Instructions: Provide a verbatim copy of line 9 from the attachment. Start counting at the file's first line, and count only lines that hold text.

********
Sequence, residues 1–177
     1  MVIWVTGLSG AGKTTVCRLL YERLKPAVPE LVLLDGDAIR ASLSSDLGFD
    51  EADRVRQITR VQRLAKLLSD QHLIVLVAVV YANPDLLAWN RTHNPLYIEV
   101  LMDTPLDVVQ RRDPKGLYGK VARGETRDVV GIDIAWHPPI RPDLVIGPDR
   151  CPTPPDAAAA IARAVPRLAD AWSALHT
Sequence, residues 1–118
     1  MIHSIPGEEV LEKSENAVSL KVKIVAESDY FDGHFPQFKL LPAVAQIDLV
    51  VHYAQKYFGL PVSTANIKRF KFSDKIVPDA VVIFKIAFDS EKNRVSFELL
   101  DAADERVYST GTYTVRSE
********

   101  DAADERVYST GTYTVRSE